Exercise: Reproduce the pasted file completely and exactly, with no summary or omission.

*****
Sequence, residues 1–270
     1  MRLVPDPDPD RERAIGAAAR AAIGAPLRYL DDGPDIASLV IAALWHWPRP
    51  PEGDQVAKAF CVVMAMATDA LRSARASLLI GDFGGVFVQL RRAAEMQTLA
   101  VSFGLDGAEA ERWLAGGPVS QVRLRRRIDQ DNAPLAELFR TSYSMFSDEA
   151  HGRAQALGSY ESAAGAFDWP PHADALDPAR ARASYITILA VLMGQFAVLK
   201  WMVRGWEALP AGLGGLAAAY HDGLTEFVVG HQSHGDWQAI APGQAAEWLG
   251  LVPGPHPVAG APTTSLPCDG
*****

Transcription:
Sequence, residues 1–270
     1  MRLVPDPDPD RERAIGAAAR AAIGAPLRYL DDGPDIASLV IAALWHWPRP
    51  PEGDQVAKAF CVVMAMATDA LRSARASLLI GDFGGVFVQL RRAAEMQTLA
   101  VSFGLDGAEA ERWLAGGPVS QVRLRRRIDQ DNAPLAELFR TSYSMFSDEA
   151  HGRAQALGSY ESAAGAFDWP PHADALDPAR ARASYITILA VLMGQFAVLK
   201  WMVRGWEALP AGLGGLAAAY HDGLTEFVVG HQSHGDWQAI APGQAAEWLG
   251  LVPGPHPVAG APTTSLPCDG